1. I made a similar observation during Erik Hennum’s talk, “Taming the herd: Get a handle on content by managing metadata”. The taxonomy is one person’s way of thinking of the content (or even a group’s) but doesn’t necessarily represent how the consumer thinks of it. Indexing has the same inherent problem in that it needs to anticipate how the subjects come to someone’s mind. The key to becoming more accurate with a taxonomy is being able to capture how folks look for information they need to find.

    What we really need is a way to capture what a person selects after searching, or the tags they use on content and reflect that information back into the metadata. While it may not be perfect, it will broaden the taxonomy (with the folksonomy) in such a way as the content becomes easier to find by a larger amount of people.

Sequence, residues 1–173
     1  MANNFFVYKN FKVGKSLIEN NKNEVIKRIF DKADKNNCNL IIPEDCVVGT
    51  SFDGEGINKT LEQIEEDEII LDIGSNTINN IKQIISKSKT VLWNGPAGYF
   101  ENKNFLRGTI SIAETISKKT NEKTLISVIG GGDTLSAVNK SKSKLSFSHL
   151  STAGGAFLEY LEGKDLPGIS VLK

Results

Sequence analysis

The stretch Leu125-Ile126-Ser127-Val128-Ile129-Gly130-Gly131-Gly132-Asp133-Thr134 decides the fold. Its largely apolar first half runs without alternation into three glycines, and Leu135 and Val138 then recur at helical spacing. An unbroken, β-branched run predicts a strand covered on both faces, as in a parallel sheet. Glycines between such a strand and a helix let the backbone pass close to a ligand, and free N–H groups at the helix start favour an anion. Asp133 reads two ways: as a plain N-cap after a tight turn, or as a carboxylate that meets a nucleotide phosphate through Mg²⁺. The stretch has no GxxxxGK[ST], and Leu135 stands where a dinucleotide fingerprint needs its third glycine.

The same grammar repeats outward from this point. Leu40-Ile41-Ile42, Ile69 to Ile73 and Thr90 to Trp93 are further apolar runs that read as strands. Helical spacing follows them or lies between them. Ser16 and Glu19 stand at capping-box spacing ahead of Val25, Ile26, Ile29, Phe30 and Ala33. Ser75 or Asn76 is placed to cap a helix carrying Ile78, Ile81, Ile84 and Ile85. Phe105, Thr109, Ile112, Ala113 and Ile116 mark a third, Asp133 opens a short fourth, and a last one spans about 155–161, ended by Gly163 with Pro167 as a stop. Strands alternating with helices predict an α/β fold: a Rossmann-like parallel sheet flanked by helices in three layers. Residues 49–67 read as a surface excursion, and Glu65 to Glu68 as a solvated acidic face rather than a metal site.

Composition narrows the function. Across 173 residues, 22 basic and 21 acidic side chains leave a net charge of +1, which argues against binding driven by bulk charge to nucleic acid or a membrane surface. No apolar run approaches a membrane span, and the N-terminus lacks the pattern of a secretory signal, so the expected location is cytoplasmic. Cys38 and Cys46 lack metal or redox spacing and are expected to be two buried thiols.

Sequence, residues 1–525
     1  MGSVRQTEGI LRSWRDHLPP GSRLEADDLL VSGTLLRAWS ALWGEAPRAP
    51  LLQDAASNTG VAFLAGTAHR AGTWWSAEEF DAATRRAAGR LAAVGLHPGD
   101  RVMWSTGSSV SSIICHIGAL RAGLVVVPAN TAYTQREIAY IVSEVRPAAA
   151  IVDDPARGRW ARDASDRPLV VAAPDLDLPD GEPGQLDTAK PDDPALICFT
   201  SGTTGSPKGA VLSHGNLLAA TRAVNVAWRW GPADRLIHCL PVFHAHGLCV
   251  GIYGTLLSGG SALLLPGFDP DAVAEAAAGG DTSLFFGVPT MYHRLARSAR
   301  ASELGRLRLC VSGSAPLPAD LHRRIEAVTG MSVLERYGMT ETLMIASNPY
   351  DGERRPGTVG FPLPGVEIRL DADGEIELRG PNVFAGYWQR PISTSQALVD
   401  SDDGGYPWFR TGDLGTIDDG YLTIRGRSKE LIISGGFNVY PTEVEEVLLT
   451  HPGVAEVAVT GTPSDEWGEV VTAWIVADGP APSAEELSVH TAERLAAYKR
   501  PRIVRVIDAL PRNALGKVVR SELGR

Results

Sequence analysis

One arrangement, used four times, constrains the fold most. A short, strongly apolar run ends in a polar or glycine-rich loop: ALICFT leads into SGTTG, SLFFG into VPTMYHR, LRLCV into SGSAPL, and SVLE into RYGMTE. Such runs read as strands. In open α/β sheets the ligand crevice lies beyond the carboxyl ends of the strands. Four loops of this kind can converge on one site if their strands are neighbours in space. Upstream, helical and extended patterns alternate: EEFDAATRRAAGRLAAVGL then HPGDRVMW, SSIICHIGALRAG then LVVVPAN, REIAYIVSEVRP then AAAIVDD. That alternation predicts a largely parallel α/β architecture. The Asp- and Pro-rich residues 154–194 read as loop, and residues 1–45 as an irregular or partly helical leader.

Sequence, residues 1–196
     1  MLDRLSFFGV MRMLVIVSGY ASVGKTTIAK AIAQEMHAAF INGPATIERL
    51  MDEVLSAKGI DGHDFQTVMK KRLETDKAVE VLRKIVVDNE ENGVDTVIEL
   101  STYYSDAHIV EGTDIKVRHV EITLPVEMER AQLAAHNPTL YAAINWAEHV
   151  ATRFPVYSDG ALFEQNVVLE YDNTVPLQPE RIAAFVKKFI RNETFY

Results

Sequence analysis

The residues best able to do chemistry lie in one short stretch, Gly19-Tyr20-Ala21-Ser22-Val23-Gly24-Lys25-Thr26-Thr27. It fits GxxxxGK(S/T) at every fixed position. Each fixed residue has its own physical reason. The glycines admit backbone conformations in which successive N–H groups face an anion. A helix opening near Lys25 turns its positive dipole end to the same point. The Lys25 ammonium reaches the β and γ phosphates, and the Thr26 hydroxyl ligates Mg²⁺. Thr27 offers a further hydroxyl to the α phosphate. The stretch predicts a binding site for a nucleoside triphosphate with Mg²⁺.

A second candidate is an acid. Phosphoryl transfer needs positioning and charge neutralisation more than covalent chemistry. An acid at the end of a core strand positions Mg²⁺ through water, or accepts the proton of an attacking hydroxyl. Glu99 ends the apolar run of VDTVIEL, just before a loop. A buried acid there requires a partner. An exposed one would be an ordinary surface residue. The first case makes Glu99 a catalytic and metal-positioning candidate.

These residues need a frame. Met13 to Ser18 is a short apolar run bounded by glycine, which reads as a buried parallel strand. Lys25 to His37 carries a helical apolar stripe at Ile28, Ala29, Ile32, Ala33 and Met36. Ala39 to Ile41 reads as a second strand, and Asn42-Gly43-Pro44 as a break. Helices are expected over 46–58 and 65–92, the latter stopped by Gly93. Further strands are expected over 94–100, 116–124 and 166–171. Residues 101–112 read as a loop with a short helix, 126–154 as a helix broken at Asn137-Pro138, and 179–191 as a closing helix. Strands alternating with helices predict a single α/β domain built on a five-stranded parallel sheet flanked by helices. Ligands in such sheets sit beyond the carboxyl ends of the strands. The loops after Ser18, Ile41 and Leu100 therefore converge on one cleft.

I won’t profess to know how to accomplish this goal, but we may need the content to be more self-aware, so that when it’s viewed, it reports how it came to be viewed to some central database. Sure it sounds like Big Brother is watching, but it’s probably the only way to become more accurate with our metadata.

  2. I think that we should be wary of writing off methods of information retrievability that have worked (and continue to work) for vast amounts of information. Search is not a fix-all. It leaves much to be desired in terms of providing users precisely what they are looking for. It is better at helping users find lots of relevant information. Receiving a bunch of relevant search results is fine for Web searches much of the time, but it flies in the face of what we’re trying to achieve with DITA and minimalist writing — give the user what they need and only what they need.